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WSAZ Investigates | Broken Boulevard

WSAZ Investigates | Broken Boulevard
Published: May. 11, 2022 at 6:46 PM EDT
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CHARLESTON, W.Va. (WSAZ) - Buckling, cracking, and slipping-- that’s how families describe one road in North Charleston.

Neighbors say Blaine Boulevard started slipping toward the Kanawha River a few years ago. However it’s only gotten worse over time.

“About a year ago they came down and they patched over top of the crack here. They covered the crack up, try to seal it and it’s done slipped that much more. About seven, eight inches more since they put the patch over top of it,” Robbie Hendricks said.

Hendricks says he keeps a close eye on how much of Blaine Boulevard is breaking off. It’s a road in North Charleston he’s lived on for more than 30 years.

“It wasn’t this bad then, but it just keeps getting worse and worse and worse,” Hendricks said.

Hendricks said he tried to reach out to the city numerous times to see when a permanent fix is going to be made. However, he hasn’t gotten any clarity.

“We’ve contacted the city time after time after time, and they just never do nothing to it. They put more blacktop on it and patch the holes and it’s more weight. It’s more pressure and it just keeps on going,” Hendricks said.

“It’s a time bomb waiting to happen,” Ronnie Gurnee said.

The longer neighbors wait for a permanent fix to get underway, they start to lose hope.

“We are forgotten down here,” Gurnee said.

So, WSAZ’s Marlee Pinchok went to Charleston City Engineer Chris Knox to find out what’s being done.

Knox says the city started working with the Army Corps of Engineers a few years ago, but it didn’t work out.

“It was determined that the project was too expensive for that bank of money, Section 14 is what they refer to it as. So, right now we are in the process of contacting some state and federal agencies to see if they can help with the project also,” Knox said.

After Pinchok showed Knox a picture of a concrete portion of Blaine Boulevard that is lifting and caving -- Knox said he would have crews temporarily repair the spot.

“I didn’t realize that section was that bad. So, I will have somebody temporarily repair that anyway,” Knox said.

The next day, city crews did come out and install construction signs around the concrete portion of the road. However, no actual temporary repairs were made. So, Pinchok reached back out to ask why and when neighbors could expect to see that happen.

A city spokesperson replied saying in part, “it was decided to install edge of road indicators. Until there is a more permanent solution, the one side of the roadway is temporarily closed.”

“This is neglect, this is pure neglect,” Charleston City Councilman Pat Jones said.

Jones says he tried to get the ball rolling by asking for $2 million at a council meeting about two months ago.

“It was voted down in full council,” Jones said.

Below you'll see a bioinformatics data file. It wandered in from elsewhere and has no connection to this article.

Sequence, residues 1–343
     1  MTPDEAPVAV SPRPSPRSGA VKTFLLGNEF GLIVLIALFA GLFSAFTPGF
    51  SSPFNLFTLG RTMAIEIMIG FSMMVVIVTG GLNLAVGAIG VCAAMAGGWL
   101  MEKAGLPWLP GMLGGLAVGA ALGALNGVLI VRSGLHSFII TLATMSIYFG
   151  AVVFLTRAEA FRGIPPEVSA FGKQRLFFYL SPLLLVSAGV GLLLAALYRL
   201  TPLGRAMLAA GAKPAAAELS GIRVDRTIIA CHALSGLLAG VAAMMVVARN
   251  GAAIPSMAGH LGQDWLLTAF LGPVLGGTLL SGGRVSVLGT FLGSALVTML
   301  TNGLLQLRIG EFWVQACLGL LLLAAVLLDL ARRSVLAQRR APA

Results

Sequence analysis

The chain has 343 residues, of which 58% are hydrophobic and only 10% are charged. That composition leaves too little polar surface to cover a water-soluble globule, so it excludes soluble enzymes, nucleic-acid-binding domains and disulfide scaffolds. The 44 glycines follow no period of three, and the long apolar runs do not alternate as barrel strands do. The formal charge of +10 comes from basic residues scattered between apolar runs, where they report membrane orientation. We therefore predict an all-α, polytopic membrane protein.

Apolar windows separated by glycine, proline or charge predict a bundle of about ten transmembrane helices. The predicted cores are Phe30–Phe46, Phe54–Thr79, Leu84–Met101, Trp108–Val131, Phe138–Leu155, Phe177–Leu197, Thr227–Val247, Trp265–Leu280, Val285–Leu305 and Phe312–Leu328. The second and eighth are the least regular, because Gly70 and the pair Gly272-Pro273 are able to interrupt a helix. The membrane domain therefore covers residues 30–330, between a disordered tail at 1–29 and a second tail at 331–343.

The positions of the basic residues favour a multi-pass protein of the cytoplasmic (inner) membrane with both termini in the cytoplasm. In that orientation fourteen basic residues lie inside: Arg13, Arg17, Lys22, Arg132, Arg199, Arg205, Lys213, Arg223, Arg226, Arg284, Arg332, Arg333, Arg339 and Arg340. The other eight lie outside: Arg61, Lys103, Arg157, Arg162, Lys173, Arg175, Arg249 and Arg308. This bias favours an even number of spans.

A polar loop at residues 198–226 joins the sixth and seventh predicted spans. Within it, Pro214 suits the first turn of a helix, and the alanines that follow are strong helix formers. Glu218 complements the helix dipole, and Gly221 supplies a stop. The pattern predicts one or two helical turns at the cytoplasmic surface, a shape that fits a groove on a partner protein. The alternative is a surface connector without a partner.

Pinchok reached out to the mayor’s office to get clarity on why Jones was denied. She also asked if some of the city’s $38.5 million in American Rescue Plan Act funds go toward the project.

A spokesperson replied saying, “Councilman Jones tried to make an amendment to the ARP allocations which failed when it was voted upon. As part of city allocations, council voted on approximately $7.5 million for infrastructure and broadband upgrades. The exact projects were not named when creating that allocation.”

So, Pinchok wrote back and asked if the city is looking to use some of that $7.5 million for a permanent fix on Blaine Boulevard.

We received a reply that says “council would choose how to allocate that money.”

However, a spokesperson says no council action has been taken yet.

We also know Mayor Amy Shuler Goodwin wrote a letter to U.S. Sen. Joe Manchin, D-W.Va., asking for his help fixing the road.

In her letter she says “in time, the entire stretch of roadway will be impassable, requiring the City to close the street. Any closure would make it exceptionally difficult for first responders to adequately address emergencies in the area.” The mayor goes on to say “lifelong residents would be forced from their homes.”

So, Pinchok asked the city engineer about those concerns. She asked Knox if he could assure neighbors that they won’t lose their homes.

“No, I can’t. Unfortunately, I cannot predict what that riverbanks gonna do,” Knox said.

Neighbors say this has been put off too long and they want something done to keep them safe.

“If we’d have to move or something-- I’ve got 35 years of my life here that I worked my life off paying for this home,” Hendricks said.

“I’m really scared. I’m scared that it’s gonna be one of my grandkids coming down here to see me and if something happens to this road and they go over… that’s what it’s all about -- safety,” Gurnee said.

As for what steps the city is taking to get financial help, they are in the process of gathering everything they need to apply for a community block grant from the West Virginia Office of Community Development.

A spokesperson says it’s their understanding the maximum award for that grant is $10 million.

So, if the city were awarded that much-- it would cover a majority of the cost.

Mayor Goodwin also released a timeline of the city’s involvement with the road. Following is a look at that timeline:

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